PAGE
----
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Should I work in a hotel?
March 19, 2008 3:17 PM   Subscribe

What is it like to work in a hotel? I'm interested in getting a job at a local one and would like to know what it's like.

I'm only planning on working in a hotel here for the next couple months (till August) cause I need to do some serious money saving so I can move. Does anyone work in a hotel and have advice or information good or bad? Thank you! Also I'm female if that will help any regarding the safety of the situation as I'll be working as many hours as possible day or night.
posted by grablife365 to Work & Money (8 answers total) 1 user marked this as a favorite
 
A ex of mine worked in hotels for a while - I'm pretty sure she's made it a career.

When she'd work front desk, most of her time was spent answering phones and checking people in. It was stressful but mindless in the sort of way any low-level service job is. She wasn't very tech-savvy, so she didn't have any problems using the ancient reservations system. There were some interesting stories, but by and large the job was uneventful, and quite safe. Even though she often worked the graveyard shift, she never had any problems.

It was also surprisingly rewarding-sounding. She spoke functional Spanish, and took great joy in being friendly to otherwise-miserable travelling hispaƱolas especially. Of course, she also got to help the travelling families, as well. Basically, she could be friendly when she wanted to be, and help to brighten someone's day. If you enjoy customer service, it can actually be sort of fun.
posted by TheNewWazoo at 3:24 PM on March 19, 2008


Can you give more specifics about what position or what type of hotel? I've done front desk/night accounting at three different hotels. I never had a concern about safety, even though one position left me as the sole employee in a 100 room hotel for 6 hours each night. But I preferred the bigger hotels I worked at, such a variety of co-workers and usually lots of young people laughing in the backrooms and kitchens.

Even though you're planning on moving on soon, you may find that a little bit of brains and honest work will lead to quick promotions. There is often so much turnover, that sticking around for even 1 year can sometimes lead to you being the most senior person. Not that the pay at the front desk will ever be that great, but it sometimes leads to more interesting jobs. Especially if it's a conference or convention hotel and you can move into the sales department. And if you work for a chain that has a hotel where you're planning to move to, you may be able to have a new job waiting for you when you get there.
posted by saffry at 3:40 PM on March 19, 2008


saffry, I have seen job postings for different jobs. Like dsh washer, receptionist, and room cleaner. I'm up for any of them though of course the reception job would be great. None of the hotels here are very big though. Its more like small to mid-sized. I'm not exactly sure on the type though. I'll look into it.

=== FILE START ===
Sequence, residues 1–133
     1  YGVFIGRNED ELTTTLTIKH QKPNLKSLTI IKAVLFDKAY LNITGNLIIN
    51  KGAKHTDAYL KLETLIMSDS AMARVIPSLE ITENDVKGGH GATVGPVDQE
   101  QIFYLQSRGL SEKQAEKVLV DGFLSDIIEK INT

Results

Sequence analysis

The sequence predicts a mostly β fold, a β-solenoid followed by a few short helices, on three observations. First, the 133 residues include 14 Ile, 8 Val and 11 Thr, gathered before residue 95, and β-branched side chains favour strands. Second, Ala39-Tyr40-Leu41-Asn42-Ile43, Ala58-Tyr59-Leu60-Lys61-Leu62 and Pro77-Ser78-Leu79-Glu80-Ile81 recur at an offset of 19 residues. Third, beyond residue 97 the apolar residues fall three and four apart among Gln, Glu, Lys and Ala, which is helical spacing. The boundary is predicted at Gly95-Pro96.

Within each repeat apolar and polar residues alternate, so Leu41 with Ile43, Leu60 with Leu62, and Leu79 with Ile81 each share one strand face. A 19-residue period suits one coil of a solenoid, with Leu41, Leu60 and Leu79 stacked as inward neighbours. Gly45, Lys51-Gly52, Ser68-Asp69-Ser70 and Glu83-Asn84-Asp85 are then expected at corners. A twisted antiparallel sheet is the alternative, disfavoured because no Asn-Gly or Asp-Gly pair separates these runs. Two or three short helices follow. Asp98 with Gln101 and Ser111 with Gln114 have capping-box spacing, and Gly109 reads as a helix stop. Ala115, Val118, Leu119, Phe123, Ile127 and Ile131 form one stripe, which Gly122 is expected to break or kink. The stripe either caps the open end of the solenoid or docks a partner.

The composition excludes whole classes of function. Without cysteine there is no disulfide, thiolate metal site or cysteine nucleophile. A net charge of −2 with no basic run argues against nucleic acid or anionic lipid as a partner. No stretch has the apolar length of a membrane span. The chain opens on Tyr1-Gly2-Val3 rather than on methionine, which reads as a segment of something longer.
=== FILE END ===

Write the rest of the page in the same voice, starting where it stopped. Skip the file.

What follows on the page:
posted by grablife365 at 4:08 PM on March 19, 2008


I don't know if any of these jobs will really bring in "serious money" but here's my thoughts.

Dishwasher: Lots of hard work. Brutal really. But when your co-workers quit, call-out, get arrested etc., you get lots of overtime. Can lead to a job as a cook if you're interested in that route.

Room Cleaner: Slightly less brutal. Usually don't work nights, unless the hotel has a part-time "turn-down" position. Very routine work, without much mental stress.

Front Desk: Can swing between absolute boredom to constantly on your feet depending on the day of the week, time of day or how many conventions/sports teams/weddings are in-house. The most "genteel" of the starting positions, but usually with a low pay. Probably looks better on a resume if you're looking at any kind of office-type job in the future since you'd get computer & telephone training.

If you're looking at mid-size hotels, like the chains near every highway exit, I'm not sure that there's that much difference in which chain you work for. Some of the competing franchises even use the same management companies, which is who you'd really be working for. I'd personally stay away from a mom&pop place, because I'm a corporate drone and I like the training and standards that the larger corporations have.

Just looked at your previous ask-me's, do any of the hotel's have fitness centers? Larger hotels would have someone on staff there, although they may require lifeguard/CPR training.
posted by saffry at 4:49 PM on March 19, 2008


I worked all shifts from time to time at moderate-sized hotel/motels in Northern Alberta, a few years back, where we got a lot of traffic from oil patch guys (aka rig pigs) and there wasn't much nightlife to speak of.

Mornings, sometimes I had someone else working with me and sometimes not. There was always a massive rush at checkout time, but otherwise I cooled my jets a whole lot. But because a manager was always there, I couldn't dog it as much as I wanted.